Fermenters and other tanks, now these are another story. The more you have, the more capacity you have to brew and keep up with demand but also the more likely you are to end up sitting there with empty tanks. Empty tanks are sad for two main reasons. They could (and should) be filled with beer but they're not; AND, being empty means a loss of potential revenue. Getting this right is essential, and takes some maths....bear with me!
Say you have 1x 10hL FV (Fermentation Vessel), you fill this roughly every 3 weeks (give or take, different beers take a different amount of time yada-yada), that means that if you were to brew the maximum number of brews per year your maximum capacity would be (52/3)*1000L = 17,000L. This may seem like a lot of beer, especially to those of you that brew at home, but a good taproom near the city could churn through this volume in less than a month! Because we're also planning to put a little bit of our production into packaging for either consumption at other venues or to take home we need to ensure we've got enough capacity for this PLUS our own taproom.
What we finally decided on was 2x 20hL FV's, 4x 10hL FV's and 1x 20hL BBT (Brite Beer Tank). The BBT is essentially a storage tank for finished beer that allows you to free up space in an FV so you can brew again while you're waiting to package your finished beer. They're very important in increasing capacity.
This gives us a total fermentation capacity of 80hL and production capacity of around 140,00L per year or more depending on the beers produced.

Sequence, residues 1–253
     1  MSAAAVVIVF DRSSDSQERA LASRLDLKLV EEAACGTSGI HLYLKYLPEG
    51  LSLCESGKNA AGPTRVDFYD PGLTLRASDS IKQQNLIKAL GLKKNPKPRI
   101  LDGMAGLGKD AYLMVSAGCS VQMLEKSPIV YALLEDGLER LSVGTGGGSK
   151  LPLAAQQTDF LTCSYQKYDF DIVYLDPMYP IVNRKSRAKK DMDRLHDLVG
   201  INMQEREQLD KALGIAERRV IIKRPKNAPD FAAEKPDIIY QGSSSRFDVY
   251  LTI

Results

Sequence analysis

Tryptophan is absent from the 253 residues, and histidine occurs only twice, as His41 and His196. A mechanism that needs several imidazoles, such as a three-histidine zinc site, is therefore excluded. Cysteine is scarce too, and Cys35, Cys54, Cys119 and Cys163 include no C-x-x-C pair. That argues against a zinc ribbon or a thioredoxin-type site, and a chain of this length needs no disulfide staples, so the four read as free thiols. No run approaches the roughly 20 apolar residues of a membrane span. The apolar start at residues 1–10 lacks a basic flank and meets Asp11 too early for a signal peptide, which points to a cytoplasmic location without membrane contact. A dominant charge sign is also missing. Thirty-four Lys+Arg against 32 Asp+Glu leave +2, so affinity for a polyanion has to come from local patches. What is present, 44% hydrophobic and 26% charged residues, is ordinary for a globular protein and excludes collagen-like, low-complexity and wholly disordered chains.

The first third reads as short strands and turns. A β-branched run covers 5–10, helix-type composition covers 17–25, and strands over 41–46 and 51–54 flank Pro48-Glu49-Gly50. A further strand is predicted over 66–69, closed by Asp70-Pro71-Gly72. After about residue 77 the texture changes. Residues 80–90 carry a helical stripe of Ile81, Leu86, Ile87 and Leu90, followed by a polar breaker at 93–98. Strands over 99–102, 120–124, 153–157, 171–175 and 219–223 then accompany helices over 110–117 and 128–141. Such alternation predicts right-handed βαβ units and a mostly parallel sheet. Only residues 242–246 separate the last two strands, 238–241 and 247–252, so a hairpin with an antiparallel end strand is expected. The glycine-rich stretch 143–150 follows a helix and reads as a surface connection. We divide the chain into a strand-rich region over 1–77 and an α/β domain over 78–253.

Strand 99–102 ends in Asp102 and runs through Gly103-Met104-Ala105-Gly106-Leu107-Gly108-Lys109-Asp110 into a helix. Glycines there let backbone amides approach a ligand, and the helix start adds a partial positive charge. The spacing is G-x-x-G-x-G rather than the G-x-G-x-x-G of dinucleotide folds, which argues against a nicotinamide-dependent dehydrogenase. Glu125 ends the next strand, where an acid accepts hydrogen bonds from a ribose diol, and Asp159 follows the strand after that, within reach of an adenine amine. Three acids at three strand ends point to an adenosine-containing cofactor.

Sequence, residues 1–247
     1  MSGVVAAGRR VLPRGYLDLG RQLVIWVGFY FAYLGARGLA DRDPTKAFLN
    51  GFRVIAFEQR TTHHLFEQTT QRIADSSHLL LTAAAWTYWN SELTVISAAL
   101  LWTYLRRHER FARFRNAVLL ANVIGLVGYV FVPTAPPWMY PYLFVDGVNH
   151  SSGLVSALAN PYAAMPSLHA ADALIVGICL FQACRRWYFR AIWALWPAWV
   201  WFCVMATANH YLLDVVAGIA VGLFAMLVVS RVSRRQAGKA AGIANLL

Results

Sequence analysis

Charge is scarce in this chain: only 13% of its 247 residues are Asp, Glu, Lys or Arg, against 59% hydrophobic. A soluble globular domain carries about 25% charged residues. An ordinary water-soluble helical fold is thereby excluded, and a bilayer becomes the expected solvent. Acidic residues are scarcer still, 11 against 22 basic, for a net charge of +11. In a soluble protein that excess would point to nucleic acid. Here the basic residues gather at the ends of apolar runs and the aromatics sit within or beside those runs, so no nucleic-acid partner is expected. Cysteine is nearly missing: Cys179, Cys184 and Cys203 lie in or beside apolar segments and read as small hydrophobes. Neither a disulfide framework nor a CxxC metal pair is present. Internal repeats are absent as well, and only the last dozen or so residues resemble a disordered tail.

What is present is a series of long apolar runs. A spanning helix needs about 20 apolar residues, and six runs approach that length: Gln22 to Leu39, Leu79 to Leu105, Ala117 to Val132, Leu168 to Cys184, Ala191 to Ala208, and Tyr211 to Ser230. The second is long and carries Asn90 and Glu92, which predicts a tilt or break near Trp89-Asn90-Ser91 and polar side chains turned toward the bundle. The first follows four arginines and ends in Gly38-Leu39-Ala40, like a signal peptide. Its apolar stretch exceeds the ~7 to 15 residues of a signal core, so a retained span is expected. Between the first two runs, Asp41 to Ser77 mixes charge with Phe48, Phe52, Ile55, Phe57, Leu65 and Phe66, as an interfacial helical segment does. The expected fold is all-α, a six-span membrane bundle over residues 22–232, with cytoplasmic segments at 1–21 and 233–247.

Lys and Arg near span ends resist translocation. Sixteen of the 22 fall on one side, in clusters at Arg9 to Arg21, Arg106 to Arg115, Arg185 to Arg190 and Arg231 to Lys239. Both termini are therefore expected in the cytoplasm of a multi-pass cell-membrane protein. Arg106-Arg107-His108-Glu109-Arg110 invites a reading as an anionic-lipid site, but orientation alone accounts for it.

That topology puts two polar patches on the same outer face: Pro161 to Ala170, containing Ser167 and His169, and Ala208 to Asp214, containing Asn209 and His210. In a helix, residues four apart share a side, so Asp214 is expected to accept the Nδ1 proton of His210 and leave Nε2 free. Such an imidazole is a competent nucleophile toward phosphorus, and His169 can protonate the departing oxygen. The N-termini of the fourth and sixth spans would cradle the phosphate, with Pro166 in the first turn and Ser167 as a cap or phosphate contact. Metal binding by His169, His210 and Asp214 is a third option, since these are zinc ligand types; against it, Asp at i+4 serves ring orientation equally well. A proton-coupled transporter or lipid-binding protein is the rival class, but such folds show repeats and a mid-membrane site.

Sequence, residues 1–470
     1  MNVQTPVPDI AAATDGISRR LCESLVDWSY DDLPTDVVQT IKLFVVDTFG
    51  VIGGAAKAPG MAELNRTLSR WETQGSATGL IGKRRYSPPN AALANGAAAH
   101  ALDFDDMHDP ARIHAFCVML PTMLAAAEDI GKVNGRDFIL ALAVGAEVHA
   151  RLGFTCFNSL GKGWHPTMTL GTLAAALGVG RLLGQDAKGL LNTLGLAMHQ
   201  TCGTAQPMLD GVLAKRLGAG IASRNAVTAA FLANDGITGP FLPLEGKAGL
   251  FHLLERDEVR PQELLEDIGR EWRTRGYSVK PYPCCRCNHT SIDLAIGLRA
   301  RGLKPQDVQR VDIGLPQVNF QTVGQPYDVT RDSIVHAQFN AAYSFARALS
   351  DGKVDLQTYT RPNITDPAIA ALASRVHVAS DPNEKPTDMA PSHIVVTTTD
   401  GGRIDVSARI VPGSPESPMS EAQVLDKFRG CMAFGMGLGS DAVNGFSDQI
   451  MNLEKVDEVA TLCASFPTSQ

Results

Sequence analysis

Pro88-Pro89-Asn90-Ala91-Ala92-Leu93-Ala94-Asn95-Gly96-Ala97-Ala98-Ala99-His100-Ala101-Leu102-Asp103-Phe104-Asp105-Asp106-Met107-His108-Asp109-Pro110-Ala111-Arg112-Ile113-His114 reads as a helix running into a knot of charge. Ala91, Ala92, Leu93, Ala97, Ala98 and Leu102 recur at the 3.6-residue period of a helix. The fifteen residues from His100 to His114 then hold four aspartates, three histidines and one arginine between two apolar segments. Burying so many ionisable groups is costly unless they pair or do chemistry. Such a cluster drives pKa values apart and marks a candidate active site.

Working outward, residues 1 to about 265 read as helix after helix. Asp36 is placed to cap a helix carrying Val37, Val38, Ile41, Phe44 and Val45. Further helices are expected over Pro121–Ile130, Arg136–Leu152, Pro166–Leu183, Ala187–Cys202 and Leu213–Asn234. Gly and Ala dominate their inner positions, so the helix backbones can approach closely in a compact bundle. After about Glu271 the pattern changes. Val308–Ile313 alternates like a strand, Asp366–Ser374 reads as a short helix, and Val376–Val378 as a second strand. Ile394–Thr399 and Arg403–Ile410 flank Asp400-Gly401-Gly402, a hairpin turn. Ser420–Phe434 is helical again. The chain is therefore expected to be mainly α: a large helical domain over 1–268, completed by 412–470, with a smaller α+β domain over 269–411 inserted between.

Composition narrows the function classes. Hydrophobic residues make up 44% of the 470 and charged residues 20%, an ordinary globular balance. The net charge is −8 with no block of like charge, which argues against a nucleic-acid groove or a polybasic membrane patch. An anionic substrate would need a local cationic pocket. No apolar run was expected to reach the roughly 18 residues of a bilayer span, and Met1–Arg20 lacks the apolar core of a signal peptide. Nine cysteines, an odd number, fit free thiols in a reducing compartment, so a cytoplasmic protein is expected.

Another thing that both brewers and customers love are serving tanks. These are exactly what they sound like, a tank connected to a pipe, connected to a tap at the bar. Customers love them because you get a really clear picture of where your beer is coming from and it's not something you see very often. Brewers love them because it's better for the beer (never sees light, less chance of exposure to oxygen or contaminates) and it saves them from filling a bunch of kegs by hand! To appease both brewers and customers alike we are getting not 1x, not 2x, but 3x 10hL serving tanks! The beauty of these is that they are connected to taps but can also double as BBT's meaning you can package (kegs or cans) directly from them as well!
Cool! So where is it all going?
Luckily with our site we're blessed with a lot of space. That said, we don't want to take up all of it with brewing equipment! This would be ridiculously expensive and leave our community with less space to gather! No, we have it all neatly stacked in one area of the building as you can see if the drawing below.
The brewhouse is along the back wall, with its associated tanks for storing hot and cold brewing water then the 3 serving tanks on the end closest to the cold room. Along the opposite wall we have all of our FV's and BBT's. This leaves a nice space in the middle for future expansion and more tanks as required or a nice open workspace in the meantime.
There's other things yet to go in like a keg washer and other extra equipment but this layout works for the building and flows quite well.
So there we have it, all of the equipment has its place and purpose. The most exciting thing of all however, IT'S ALL BEEN APPROVED AND ORDERED!!! We'll keep you up to date with its progress as it comes along!
Bye for now,